Churning and frothing just below the old wooden floor of a former movie theater in San Gimignano, Italy, a mysterious vortex of ominous black water seems to perpetually drain into nothingness. The artwork is a new iteration of artist Anish Kapoor's Decension installation that appeared earlier this year in India. The former cinema and theatre space is now the home of Galleria Continua that hosted the exhibition. Kapoor shared about the piece:
All my life I have reflected and worked on the concept that there is more space than can be seen, that there are void spaces, or, as it were, that there is a vaster horizon. The odd thing about removing content, in making space, is that we, as human beings, find it very hard to deal with the absence of content. It’s the horror vacui. This Platonic concept lies at the origin of the myth of the cave, the one from which humans look towards the outside world. But here there is also a kind of Freudian opposite image, that of the back of the cave, which is the dark and empty back of being. Your greatest poet, Dante, also ventured into a place like that. It is the place of the void, which paradoxically is full – of fear, of darkness. Whether you represent it with a mirror or with a dark form, it is always the “back”, the point that attracts my interest and triggers my creativity.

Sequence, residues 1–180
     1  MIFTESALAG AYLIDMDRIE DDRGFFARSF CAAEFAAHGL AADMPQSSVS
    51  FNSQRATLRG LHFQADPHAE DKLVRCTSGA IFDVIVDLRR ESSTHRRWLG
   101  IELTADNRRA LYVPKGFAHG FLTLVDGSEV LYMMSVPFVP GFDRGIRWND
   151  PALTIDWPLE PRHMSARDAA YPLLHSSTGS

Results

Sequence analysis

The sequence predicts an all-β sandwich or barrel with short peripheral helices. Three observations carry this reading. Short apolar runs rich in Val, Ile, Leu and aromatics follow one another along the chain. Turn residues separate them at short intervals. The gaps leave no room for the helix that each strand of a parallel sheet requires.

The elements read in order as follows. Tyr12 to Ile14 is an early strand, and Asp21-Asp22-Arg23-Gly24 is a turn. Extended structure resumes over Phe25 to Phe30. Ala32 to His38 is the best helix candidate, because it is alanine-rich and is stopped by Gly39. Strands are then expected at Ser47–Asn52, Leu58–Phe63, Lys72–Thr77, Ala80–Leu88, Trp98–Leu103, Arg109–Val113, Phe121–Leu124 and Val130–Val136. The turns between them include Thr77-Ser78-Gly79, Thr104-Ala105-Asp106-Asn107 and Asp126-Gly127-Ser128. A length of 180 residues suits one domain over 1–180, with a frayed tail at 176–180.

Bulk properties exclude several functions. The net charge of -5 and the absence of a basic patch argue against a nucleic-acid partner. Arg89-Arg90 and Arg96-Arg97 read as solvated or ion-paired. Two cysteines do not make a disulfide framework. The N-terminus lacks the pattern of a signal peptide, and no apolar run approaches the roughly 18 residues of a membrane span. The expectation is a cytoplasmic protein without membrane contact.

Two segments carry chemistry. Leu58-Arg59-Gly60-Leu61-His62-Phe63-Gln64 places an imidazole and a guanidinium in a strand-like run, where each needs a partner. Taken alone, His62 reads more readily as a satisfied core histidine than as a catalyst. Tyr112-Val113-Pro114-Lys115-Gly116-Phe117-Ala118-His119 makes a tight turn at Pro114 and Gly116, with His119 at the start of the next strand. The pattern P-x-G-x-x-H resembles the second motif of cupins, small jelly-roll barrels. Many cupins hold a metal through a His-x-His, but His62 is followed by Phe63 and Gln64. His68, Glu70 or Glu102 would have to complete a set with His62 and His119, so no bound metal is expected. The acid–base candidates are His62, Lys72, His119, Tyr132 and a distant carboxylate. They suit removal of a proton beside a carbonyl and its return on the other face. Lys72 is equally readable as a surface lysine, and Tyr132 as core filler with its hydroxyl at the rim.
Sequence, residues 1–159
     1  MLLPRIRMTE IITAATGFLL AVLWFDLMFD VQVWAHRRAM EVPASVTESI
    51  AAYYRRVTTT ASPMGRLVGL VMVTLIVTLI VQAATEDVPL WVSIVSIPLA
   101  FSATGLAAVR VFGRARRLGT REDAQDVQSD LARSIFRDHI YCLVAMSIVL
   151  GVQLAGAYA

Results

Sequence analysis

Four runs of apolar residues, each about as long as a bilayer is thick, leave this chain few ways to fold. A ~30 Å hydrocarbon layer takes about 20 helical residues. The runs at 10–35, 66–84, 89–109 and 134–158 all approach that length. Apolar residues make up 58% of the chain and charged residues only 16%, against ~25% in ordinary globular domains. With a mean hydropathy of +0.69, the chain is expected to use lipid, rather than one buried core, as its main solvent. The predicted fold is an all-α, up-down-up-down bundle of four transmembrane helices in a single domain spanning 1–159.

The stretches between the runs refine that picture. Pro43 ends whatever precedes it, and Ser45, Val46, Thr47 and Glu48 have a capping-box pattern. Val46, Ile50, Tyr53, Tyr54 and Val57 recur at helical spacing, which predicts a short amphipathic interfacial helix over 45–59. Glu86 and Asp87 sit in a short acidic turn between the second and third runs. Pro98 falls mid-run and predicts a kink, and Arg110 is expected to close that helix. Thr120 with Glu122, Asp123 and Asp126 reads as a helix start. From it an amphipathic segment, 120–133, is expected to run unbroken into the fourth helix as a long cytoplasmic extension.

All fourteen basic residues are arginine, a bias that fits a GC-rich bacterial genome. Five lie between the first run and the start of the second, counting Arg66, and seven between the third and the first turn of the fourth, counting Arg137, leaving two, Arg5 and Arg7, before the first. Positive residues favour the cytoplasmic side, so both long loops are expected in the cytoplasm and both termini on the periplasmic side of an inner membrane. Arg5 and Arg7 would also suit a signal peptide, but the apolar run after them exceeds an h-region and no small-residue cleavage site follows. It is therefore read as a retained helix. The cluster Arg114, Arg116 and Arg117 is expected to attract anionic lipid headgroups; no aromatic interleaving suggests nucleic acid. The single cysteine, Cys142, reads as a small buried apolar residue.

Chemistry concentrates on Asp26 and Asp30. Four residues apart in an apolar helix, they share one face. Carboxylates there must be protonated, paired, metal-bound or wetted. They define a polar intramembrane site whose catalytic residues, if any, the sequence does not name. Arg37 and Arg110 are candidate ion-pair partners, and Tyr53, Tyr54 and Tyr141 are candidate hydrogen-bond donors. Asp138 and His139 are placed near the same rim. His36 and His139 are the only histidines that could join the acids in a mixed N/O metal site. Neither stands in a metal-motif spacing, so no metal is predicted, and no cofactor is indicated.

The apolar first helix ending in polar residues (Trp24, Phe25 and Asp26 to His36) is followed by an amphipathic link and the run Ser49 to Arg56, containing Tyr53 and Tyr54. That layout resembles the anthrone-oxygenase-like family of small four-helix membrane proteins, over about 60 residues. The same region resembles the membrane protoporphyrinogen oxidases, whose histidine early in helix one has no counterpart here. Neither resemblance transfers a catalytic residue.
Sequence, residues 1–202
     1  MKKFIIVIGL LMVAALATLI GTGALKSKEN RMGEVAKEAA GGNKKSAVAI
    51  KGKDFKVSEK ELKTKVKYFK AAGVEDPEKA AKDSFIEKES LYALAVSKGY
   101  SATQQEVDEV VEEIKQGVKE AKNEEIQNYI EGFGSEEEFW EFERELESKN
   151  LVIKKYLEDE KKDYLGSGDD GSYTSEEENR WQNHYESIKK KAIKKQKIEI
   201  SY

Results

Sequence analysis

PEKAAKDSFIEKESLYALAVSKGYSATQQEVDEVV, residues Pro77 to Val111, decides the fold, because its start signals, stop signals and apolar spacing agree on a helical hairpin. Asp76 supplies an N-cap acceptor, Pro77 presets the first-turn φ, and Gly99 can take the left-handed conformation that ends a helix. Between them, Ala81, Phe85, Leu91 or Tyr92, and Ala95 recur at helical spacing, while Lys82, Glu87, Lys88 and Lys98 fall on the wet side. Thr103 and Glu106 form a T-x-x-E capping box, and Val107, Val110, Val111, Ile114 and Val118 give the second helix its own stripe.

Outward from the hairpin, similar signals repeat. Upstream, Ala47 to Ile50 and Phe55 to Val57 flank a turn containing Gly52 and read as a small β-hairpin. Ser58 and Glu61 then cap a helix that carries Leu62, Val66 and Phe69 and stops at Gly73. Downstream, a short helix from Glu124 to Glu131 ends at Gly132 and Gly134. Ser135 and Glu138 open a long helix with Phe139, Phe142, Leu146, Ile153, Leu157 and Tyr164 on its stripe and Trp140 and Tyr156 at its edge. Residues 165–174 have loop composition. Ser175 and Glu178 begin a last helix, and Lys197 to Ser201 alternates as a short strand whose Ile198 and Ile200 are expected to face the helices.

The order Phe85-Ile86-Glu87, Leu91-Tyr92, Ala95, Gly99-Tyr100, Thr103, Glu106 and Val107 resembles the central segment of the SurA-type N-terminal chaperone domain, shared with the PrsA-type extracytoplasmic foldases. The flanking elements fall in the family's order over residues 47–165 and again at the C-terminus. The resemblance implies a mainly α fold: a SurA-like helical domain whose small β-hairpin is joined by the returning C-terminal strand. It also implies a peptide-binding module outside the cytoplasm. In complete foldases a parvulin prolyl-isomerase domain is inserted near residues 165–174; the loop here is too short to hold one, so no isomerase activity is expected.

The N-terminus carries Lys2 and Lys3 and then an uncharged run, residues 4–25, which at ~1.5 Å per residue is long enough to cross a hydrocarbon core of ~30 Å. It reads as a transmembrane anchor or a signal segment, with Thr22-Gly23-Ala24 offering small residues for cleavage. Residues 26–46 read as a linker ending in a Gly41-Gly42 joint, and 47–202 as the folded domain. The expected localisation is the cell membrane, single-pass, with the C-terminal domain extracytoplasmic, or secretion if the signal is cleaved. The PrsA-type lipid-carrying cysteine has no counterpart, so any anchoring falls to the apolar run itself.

Descension is on view through September 9, 2015. (via My Amp Goes to 11)